International Journal of Sociology of Agriculture and Food

What’s Going into the Box? An Inquiry into the Social and Ecological Embeddedness of Large-scale EU and US Box Schemes

International Journal of Sociology of Agriculture and Food

Volume 24, issue 1 (2017), pages 113–134

Authors: Marcia Ostroma, Chris Kjeldsenb, Susanne Kummerc, Rebecka Milestadd and Markus Schermere
Affiliation: aSchool of the Environment and the Center for Sustaining Agriculture and Natural Resources, Washington State University, Wenatchee, WA, USA; bDepartment of Agroecology, Aarhus University, Tjele, Denmark; cResearch Institute of Organic Agriculture (FiBL), Vienna, Austria; dDepartment of Sustainable Development, Environmental Sciences and Engineering, KTH Royal Institute of Technology, Stockholm, Sweden; eDepartment of Sociology, University of Innsbruck, Innsbruck, Austria

ISSN: 0798-1759


Food distribution systems referred to as box schemes have gained a foothold in organic markets across Europe and North America. This model has the potential to scale up direct-marketing strategies by aggregating products from multiple producers and efficiently assembling and delivering them on a regular basis to large networks of consumers. Box scheme organizers generally seek to attract regular customers based on the distinctive attributes and values associated with their products and their unique business model that attempts to build long-term relationships between consumers and farmers. This article explores the organizational dynamics of five large, multi-farm box schemes in relation to their stated values and organizational strategies using cases from Sweden, Denmark, Austria, and the United States.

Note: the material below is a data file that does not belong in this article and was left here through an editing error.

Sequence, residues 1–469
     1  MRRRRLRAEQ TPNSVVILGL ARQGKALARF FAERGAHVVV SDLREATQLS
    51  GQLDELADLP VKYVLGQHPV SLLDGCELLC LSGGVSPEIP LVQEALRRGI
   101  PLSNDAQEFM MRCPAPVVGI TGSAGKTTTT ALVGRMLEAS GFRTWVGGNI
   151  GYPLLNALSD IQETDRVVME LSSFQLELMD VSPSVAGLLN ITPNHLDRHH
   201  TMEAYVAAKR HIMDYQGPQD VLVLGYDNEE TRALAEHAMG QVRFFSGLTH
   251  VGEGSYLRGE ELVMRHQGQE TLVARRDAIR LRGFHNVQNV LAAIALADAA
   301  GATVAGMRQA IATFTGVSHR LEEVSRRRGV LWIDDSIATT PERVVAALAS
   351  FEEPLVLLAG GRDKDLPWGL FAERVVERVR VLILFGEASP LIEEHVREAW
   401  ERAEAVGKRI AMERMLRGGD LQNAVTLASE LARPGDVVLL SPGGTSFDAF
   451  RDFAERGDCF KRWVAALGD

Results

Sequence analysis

Different aspects of ecological and social embeddedness are considered and analysed for the five cases based on their stated values and their organizational strategies, including to what degree non-economic values are identified, communicated, and applied throughout the supply chain. The value of geographical proximity is examined with respect to the tension created by consumer demand for variety throughout the seasons and the spatial organization of sourcing and distribution that such a system entails. Additionally, the organizational challenges encountered by box schemes during periods of rapid growth are compared and contrasted with respect to the different organizational strategies employed across the five cases. This article seeks to contribute to the research literature by analysing box schemes as an institutional innovation that can potentially bridge the interests shared by producers and consumers in harnessing market relationships to accomplish larger social and environmental goals.

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